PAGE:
Meanwhile, a key reason for China’s lack of eagerness is its concern over Japan. China simply does not want to see Japan play an important role in security issues in a multilateral regional setting. On the other hand, there is some evidence that the Chinese leadership has decided that the multilateral security fora can be used to serve its own interests by emphasizing regional dialogues to challenge US leadership or undermine the US bilateral alliance structures.(4) Thus, for Beijing, multilateralism in Northeast Asia is a way to “tie China in” and to “tie the US down.” Furthermore, China began to realize that it would help reduce fears of the “China threat” if China became actively involved in the multilateral fora. China may also see multilateral structures as support for its ideological insistence on the trend toward multipolarity, as opposed to an American-led Asian security order.(5) The Chinese are cultivating ties with Russia and promoting Asian economic cooperation as potential counterbalances to American power.(6)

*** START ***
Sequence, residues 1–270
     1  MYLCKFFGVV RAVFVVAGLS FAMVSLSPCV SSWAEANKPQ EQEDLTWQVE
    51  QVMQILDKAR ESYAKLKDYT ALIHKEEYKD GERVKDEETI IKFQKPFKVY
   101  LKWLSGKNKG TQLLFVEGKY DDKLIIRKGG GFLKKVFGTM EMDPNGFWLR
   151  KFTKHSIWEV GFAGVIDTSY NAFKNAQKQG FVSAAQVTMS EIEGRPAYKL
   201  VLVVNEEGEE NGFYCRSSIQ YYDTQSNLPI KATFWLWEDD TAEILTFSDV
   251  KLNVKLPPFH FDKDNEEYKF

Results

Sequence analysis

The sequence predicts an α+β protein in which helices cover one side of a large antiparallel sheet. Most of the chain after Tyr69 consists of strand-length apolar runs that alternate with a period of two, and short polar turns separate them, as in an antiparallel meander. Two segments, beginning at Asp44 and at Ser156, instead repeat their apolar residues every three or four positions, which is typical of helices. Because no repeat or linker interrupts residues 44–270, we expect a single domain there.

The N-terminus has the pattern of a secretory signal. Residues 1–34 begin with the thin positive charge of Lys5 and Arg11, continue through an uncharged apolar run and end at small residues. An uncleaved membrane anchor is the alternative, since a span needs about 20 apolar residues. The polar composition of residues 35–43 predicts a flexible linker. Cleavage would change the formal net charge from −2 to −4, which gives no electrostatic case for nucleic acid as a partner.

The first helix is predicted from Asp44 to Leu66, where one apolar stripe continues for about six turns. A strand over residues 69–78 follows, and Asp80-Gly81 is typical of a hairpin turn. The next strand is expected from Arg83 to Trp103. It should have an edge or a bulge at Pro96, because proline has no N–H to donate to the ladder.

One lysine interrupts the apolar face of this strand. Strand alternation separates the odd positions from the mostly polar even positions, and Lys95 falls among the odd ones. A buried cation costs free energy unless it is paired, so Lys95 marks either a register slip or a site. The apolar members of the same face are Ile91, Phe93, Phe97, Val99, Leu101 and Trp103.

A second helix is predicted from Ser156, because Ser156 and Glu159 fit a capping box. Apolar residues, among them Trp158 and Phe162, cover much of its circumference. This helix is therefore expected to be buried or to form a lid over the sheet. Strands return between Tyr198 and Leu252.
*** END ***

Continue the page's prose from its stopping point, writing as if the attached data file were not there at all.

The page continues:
China presumably wields influence over North Korea, as the latter depends upon the former for a good part of its fuel and food supplies. Interestingly, China has kept some distance from KEDO (the Korean Peninsula Energy Development Organization), arguing that it can better contribute to the success of KEDO by remaining outside the organization. Perhaps the major reason for the Chinese disinterest is the cost to be borne by KEDO members in building the two light water reactors for the North. On the other hand, China has displayed deep interest and active involvement in the Four Party Talks, particularly after North Korea finally agreed to participate. Furthermore, in early 1998, when South Korean President Kim Dae-Jung asked his Chinese counterpart to accept the proposed six-party declaration for peace and stability in Northeast Asia, China accepted it “in principle.” In the short to medium term, China has the most to gain diplomatically from radically improved relations between North and South Korea and thus has thrived on the so-called “double-edged sword” approach of improving relations with both Koreas.(7) As the secret visit by Kim Jong-Il to China only a few days before the summit reflects, China has returned back on center stage in Korean affairs.